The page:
I checked out some of the grammar/particle intro Cure Dolly videos today and they seemed helpful, but after I mentioned something I learned to my Japanese wife she said it was wrong.
Cure Dolly said that the “ga” particle exists in every sentence, and she taught 私が instead of 私は, as if using “ga” here is more correct. But my wife said this is obviously wrong and sounds unnatural and does not convey the basic meaning if you’re just trying to say my name is ____. My wife confirmed that 私は is the correct option, and that が does NOT exist in every sentence, and she’s never heard of an “invisible ga.”
Cure Dolly keeps going on about how bad textbooks are and how poorly Japanese is always taught, but there must be a good reason why most beginner lessons teach 私は… because that’s what’s actually correct?
Anyone know what Dolly’s credentials are? Is it just another non-native speaker who has learned Japanese and wanted to make a YT channel?
You didnt get far enough. I believe the third episode she explains は, and did you miss the part where が is sometimes invisible? So by the way she teaches, it is 私（0 が）は. You dont see the が. In all my experiencewith different means to learn Japanese, Cure Dolly has made the most sense.
I got that but is this just something she’s making up? If a well-educated native speaker tells me no, ga is not in every sentence, I’d tend to believe them over a non-native speaker with what might be unconventional ideas.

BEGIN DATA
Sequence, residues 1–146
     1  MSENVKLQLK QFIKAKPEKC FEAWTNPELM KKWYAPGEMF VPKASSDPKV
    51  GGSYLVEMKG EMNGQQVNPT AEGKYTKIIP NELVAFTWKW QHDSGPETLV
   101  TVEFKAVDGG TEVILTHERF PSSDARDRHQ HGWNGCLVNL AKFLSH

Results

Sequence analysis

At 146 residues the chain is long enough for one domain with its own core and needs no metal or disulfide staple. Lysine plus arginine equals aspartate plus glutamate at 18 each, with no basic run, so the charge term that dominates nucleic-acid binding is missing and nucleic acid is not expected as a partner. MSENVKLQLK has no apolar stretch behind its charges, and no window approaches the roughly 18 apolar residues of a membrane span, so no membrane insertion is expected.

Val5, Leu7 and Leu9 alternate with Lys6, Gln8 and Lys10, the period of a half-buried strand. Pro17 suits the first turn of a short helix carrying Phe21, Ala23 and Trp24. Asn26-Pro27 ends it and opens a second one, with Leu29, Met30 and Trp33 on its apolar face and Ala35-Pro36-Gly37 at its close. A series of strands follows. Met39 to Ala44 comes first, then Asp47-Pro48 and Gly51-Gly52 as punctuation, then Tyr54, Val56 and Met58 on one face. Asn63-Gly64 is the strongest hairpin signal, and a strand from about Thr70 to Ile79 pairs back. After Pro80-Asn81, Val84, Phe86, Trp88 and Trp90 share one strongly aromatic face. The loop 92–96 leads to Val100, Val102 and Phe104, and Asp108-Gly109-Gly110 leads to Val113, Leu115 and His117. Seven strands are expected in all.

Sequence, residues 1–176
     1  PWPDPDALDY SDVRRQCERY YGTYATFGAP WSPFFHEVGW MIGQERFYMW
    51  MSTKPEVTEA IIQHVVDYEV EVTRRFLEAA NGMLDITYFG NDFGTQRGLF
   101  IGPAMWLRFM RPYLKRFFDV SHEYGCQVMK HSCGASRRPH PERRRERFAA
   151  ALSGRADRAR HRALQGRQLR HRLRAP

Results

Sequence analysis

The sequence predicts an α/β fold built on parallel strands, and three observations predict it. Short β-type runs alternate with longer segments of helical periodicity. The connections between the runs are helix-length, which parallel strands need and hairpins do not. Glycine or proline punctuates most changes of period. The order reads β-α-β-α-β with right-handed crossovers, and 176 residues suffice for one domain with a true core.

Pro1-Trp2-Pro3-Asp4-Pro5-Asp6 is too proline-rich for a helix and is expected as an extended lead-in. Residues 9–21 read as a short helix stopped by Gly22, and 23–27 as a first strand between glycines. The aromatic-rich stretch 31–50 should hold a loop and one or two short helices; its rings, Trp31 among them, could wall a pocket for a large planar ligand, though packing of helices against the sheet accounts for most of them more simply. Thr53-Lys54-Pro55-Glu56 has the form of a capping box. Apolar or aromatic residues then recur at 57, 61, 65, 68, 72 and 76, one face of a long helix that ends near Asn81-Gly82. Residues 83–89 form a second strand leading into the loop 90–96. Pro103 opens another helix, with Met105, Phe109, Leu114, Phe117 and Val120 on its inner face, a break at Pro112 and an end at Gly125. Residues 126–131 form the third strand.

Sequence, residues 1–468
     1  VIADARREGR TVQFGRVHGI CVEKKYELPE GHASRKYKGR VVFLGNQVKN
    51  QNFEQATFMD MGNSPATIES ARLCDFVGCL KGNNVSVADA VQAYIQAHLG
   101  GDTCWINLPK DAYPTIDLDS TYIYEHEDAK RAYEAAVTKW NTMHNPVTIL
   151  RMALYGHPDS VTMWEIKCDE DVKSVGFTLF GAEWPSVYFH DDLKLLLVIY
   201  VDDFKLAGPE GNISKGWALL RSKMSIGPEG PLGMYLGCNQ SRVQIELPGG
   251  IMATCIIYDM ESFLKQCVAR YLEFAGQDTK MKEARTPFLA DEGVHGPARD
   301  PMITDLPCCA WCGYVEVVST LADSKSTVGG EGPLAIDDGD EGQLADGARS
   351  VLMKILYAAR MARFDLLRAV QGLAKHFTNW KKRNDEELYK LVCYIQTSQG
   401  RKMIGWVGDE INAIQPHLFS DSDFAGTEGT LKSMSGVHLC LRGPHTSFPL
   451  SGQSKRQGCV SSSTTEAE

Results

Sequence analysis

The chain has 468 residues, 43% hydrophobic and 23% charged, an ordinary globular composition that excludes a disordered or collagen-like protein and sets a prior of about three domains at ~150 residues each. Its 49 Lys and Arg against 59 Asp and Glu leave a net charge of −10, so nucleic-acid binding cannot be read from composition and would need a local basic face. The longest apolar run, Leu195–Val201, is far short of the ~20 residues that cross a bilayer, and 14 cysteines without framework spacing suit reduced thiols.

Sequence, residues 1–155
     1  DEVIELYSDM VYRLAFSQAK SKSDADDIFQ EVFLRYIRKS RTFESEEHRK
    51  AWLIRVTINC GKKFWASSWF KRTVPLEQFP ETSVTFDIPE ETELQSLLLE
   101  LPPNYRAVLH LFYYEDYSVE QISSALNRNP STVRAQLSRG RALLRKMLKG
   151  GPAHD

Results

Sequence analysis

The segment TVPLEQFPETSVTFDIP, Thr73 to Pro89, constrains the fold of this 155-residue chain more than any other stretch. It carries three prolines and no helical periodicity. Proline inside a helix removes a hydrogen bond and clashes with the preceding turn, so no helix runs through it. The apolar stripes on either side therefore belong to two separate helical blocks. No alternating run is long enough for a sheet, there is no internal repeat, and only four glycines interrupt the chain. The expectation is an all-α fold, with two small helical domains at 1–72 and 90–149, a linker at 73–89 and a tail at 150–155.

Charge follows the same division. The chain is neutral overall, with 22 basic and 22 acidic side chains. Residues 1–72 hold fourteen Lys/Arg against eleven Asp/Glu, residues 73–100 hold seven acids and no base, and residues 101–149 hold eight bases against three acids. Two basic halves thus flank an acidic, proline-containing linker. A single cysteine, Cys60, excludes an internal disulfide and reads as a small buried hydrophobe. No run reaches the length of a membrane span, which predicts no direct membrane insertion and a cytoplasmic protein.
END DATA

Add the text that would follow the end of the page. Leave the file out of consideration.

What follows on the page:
I didnt mean to sound condescending and Im sorry if it came off that way.
Your wife is right that が is not voiced in every sentence. I dont think either of them are wrong. CD is trying to teach the sentence structure to non natives, and explaining it this way makes sense, especially considering the subject of sentences are often left out in Japanese also. I dont think if the 0 が concept is right or wrong is an issue. Its a means to an end (understanding sentence structure.) It becomes less prominent as you go further in the series.
I don’t think it matters whether an invisible “ga” is officially recognized as a thing in Japanese or not, and whether Japanese people have learnt grammar that way or not. Nobody is really wrong here, and you’ll never be asked “is there an invisible ga in Japanese?” in a test. If it is validation from natives that you would like in order to follow Dolly, I’ll just give a counter-experience: I have mentioned this concept to Japanese coworkers and it made sense to them, even if they don’t think of it that way.
Dolly uses the concept of invisible “ga” to explain how particles “ha” and “ga” work, and it makes a lot of sense.
As I said, I’m no fan of Cure Dolly, but to be fair, most grammar explanations intended for non-natives will sound strange to natives.